Aisha Abawaji reflects on her first year
A day in the life
Aisha Abawaji reflects on her first year
I came to computer science with absolutely no background in programming, yet thanks to the tremendous support of my professors, teaching assistants, and Faculty, I have been able to excel in my studies at Dalhousie
Aisha Abawajy says she’s a proud Haligonian, born and raised in the city. Her parents, originally from Dire Dawa in Ethiopia, immigrated to Canada to offer Aisha and her siblings opportunities that were not previously available to them.
Aisha attended the Maritime Muslim Academy from primary until grade 12 and graduated as valedictorian of her class.
Why computer science at Dal
Aisha had always wanted to study at Dalhousie and quotes it as being her dream school.
With all the program choices available to her, she wasn’t exactly sure what undergraduate degree to study because of her diverse interests. Aisha’s sister – who also studies computer science – encouraged her to consider a degree within the Faculty of Computer Science.
“I have always been tech savvy and the way technology works has been a fascination of mine since I was young,” she says. “I came to computer science with absolutely no background in programming, yet thanks to the tremendous support of my professors, teaching assistants, and Faculty, I have been able to excel in my studies at Dalhousie.”
In the end, Aisha decided to apply to the Bachelor of Informatics program because it provided her the flexibility to pursue other passions while receiving a strong background in computer science.
Aisha is especially looking forward to the change in degree from Bachelor of Informatics to Applied Computer Science. She plans on taking her electives in political science, so that she can develop a minor (and a unique degree to her) that she also really enjoys.
“The new degree also includes courses in management which I think fits perfectly with the needs I feel a student starting in the industry would want to have,” she says. “For me, the changes in degree means I can draw important skills from a variety of disciplines and incorporate them in both my professional and academic growth.”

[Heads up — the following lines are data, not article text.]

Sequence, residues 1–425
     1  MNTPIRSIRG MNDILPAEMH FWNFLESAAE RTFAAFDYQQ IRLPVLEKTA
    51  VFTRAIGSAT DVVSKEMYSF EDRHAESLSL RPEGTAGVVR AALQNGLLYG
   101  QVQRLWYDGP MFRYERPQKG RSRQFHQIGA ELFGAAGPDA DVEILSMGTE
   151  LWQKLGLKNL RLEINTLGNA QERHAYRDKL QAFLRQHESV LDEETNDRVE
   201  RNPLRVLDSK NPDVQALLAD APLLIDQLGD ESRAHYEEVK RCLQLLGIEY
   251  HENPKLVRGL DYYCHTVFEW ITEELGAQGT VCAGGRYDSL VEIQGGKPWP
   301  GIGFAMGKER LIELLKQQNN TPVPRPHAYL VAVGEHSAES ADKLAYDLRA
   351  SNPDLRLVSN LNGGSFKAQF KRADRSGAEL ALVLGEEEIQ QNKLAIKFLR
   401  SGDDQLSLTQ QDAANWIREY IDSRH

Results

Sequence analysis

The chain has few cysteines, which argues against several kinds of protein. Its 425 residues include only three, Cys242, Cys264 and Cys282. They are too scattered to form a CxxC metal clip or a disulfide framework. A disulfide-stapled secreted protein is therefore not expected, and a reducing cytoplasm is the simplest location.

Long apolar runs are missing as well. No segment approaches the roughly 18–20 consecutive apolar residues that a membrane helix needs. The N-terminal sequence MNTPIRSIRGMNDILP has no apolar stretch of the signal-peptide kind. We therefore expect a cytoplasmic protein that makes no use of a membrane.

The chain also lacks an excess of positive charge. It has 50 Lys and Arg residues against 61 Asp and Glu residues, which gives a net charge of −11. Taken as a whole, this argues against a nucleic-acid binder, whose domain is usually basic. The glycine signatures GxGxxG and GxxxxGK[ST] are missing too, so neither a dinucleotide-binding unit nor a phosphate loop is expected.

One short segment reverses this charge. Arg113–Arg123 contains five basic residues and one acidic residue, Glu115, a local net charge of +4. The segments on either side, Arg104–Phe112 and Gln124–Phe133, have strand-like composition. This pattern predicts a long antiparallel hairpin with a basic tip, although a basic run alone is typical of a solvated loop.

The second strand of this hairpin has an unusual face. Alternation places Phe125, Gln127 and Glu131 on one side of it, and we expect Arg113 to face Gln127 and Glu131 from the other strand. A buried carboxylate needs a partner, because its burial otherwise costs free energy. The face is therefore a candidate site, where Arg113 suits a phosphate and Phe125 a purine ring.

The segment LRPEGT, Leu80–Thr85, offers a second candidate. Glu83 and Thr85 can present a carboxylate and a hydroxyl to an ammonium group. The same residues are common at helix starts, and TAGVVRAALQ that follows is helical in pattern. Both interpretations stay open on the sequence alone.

Looking back after her first year
When asked about what Aisha liked most about her first year, she says that it definitely would be her small class sizes.
Although Aisha had a wonderful first year, she does acknowledge that coming from a school of forty high school students, Dalhousie felt a bit overwhelming for the first few weeks of adjustment. The Goldberg Computer Science Building – home of the Faculty of Computer Science – gave her the comfort to have a space that she could call her own. A space with a little less students – making it possible to recognize familiar faces and get to know people who share similar interests – made the transition that much easier, and faster.
“One of the reasons I think I was able to do so well in my school work is because of the support of my professors and teaching assistants,” says Aisha. “I was able to build one-to-one relationships with almost all of my professors, and I know they genuinely cared about my academic progress over the year. I really do think it makes a difference whether the professor can take the time to work individually with students and with the small class sizes in the Faculty of Computer Science, this is the norm.”
More than her academics
Aisha spent her first year focusing on schooling and her transition from high school, but is now getting involved in many things across campus. She is already the current Informatics Representative on the Computer Science Society as well as the Treasurer for Dalhousie’s African Student Association. She’s a member of the Dalhousie Student Union Student Life Committee and an active member of the Dalhousie Amnesty International Society.
“I do also hope to become a teaching assistant for first year computer science students because I feel I can be a mentor to students who – just like me – might not have a background in CS.”
At the end of Aisha’s undergraduate experience, she plans on taking her academic and extracurricular activities and applying it to a law degree. “I believe that my diverse undergraduate degree will give me the edge that I need to not only get into the law school of my choice, but also to excel in my studies there as well.”